The objective of legislative proposals is to ensure public engagement, specifically allowing them to participate in the legislative process and to propose their ideas and opinions. Contrary to this, it is impermissible to create qualification and competence requirements as barriers for citizens to exercise this right. More so, the practice shows that even the entities and persons fully authorized to initiate bills demonstrate lack of justification of the reasons and essence of bills.
These regulations create fewer problems for NGOs working on legislative proposals but may create additional barriers for individuals.
Additionally, a committee chairperson may decide that the reasoning of the sponsor of a bill does not comply with the requirements and thus the bill needs to be deemed incomplete. This issue instead can be considered when the bill is debated and a more reasoned decision – can be made.
It is important to keep the existing practice and that the sponsor of a bill had the possibility to propose a bill to a hearing of a committee, participate in the debate and answer questions. The amendments propose rules different from the practice: not only the person proposing a bill will lose the opportunity to present the proposal but he may not even be invited to the hearing on the bill.
We should note about the growing trend of proposing bills. The noted amendments will stop this trend. Namely, according to the data available on the Parliament’s website, the statistics of proposing bills to the Parliament are as follows:
- 2017 (April) – 35 proposals
- 2016 – 98 proposals
- 2015 – 64 proposals
Although the provisions of the Regulation of the Parliament require improvement, we should still avoid adopting rules that, based on formal grounds, substantially impacts an individual’s ability to exercise his or her right and changes the standard of public engagement.
We believe that these proposed amendments restrict public engagement in the activities of the legislature and worsens the existing practice.
Recommendations for Improving Procedure of Legislative Proposals
The procedure of legislative proposals may need to be regulated in detail under the Regulation of the Parliament. However, the new regulations should not complicate public engagement in the legislative process. New regulations should not create artificial barriers for effective functioning of committees and exercising the right of legislative proposals.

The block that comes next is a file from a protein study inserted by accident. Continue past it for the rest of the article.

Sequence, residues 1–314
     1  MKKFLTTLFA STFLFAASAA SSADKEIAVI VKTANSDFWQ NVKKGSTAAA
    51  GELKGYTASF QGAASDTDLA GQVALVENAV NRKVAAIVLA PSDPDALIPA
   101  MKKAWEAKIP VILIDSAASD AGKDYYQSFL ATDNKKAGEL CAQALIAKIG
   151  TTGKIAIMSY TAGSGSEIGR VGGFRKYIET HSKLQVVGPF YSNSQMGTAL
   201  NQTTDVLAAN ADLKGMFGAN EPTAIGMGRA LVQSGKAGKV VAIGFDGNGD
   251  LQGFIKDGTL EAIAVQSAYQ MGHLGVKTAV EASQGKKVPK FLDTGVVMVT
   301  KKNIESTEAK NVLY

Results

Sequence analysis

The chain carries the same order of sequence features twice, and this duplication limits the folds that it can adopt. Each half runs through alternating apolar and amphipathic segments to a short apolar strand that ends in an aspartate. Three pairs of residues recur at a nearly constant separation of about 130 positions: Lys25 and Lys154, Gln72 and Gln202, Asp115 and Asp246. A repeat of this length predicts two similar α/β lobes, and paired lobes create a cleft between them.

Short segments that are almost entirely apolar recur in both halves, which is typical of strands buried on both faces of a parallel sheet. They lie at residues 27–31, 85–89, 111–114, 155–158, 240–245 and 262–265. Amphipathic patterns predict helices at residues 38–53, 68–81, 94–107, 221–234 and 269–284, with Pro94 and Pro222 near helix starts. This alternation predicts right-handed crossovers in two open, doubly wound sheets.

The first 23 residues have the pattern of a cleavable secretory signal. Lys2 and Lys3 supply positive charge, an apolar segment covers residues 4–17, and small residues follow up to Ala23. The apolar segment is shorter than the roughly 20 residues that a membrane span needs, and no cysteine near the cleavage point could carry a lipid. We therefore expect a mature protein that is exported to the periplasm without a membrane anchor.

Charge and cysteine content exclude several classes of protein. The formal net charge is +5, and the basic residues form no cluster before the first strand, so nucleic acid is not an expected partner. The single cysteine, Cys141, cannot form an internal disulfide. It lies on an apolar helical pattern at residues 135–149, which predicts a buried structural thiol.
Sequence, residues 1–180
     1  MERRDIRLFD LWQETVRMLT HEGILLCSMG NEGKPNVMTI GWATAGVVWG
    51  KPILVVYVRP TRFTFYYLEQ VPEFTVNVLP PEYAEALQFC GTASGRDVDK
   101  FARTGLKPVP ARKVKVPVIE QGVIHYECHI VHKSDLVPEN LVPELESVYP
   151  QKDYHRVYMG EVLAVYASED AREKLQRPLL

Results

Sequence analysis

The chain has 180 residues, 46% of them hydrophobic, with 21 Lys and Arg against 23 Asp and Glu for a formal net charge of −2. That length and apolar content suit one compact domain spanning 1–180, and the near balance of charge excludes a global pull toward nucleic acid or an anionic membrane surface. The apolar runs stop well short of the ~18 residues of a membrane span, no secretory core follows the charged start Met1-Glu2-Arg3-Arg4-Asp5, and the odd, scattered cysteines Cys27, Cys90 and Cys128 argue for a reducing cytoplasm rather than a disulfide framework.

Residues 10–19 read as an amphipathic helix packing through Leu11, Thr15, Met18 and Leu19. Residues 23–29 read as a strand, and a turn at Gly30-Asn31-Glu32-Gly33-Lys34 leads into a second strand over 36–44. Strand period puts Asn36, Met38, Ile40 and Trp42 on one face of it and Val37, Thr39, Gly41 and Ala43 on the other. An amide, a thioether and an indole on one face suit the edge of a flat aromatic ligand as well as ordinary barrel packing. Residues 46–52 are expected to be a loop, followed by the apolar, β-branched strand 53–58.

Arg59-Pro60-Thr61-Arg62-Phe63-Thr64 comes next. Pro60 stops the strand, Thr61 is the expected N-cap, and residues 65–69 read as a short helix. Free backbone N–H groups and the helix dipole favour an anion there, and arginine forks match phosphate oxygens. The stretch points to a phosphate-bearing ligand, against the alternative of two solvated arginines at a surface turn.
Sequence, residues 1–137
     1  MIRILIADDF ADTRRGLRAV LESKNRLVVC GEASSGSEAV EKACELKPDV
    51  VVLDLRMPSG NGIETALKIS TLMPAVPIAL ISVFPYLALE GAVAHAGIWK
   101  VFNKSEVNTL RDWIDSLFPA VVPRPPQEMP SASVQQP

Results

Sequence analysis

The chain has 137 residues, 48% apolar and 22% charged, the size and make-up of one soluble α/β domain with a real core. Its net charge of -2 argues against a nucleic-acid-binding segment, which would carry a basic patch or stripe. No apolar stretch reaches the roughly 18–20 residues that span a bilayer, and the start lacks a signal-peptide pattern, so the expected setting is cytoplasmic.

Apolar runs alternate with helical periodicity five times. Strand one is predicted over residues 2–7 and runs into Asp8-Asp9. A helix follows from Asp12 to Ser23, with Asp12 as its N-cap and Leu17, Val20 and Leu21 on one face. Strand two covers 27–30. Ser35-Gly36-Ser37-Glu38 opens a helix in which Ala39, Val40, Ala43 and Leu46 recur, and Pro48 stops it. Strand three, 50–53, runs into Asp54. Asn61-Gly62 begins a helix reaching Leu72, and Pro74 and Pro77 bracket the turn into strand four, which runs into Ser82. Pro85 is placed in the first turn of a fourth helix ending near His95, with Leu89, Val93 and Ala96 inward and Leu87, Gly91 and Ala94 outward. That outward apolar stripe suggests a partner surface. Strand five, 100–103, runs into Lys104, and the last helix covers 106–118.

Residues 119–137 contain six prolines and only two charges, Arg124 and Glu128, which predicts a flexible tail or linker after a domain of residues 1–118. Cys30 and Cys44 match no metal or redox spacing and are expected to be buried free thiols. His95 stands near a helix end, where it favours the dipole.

The following are our recommendations on the procedure of legislative proposals:
- An amendment should be made to the Regulation of the Parliament setting out the rules for a repeated consideration of a bill that had been debated and rejected.
- Clear regulations should be drafted regarding decision-making on legislative proposals when the committee only partially agrees with the sponsor of a bill. The Regulation should provide for approving the principles of a bill but not necessarily approving the exact wording of each section of a bill.
- For ensuring transparency of the Parliament’s activities and for better informing the public, committees should publish more information on legislative proposals including how many proposals were approved and in case of an approval whether they were developed into full bills.
- The existing practice need to be kept where sponsors are able to present legislative proposals to committee hearings, take part in debate and answer questions.
No artificial barriers should be created regarding the format of legislative procedures (for example, justifying the reasons and essence of proposals) as this will both prevent citizens from exercising the right and make it possible to reject proposals based on subjective grounds.
 The highest number of legislative proposals from a citizen have been made by Zurab Vanishvili (6 bills) and a legal entity – “Union of Civic-political Organization In the Name of the Lord – the Lord is Our Truth” (4 bills). Out of 64 proposals: • 4 positive reports have been approved; • 14 negative reports have been approved; • In one case, two legislative proposals were initiated (a proposal of the Ombudsman); • In 3 cases, the sponsors withdrew their proposals; • In one case, a working group was formed; • No decision was made regarding 41 proposals. For example, on 16 December 2015, the Parliament of Georgia approved amendments regarding restrictions on registration of child marriages. The bill had been developed based on a proposal of the Ombudsman of Georgia. Transparency International – Georgia has been a sponsor of multiple legislative proposals to the Parliament.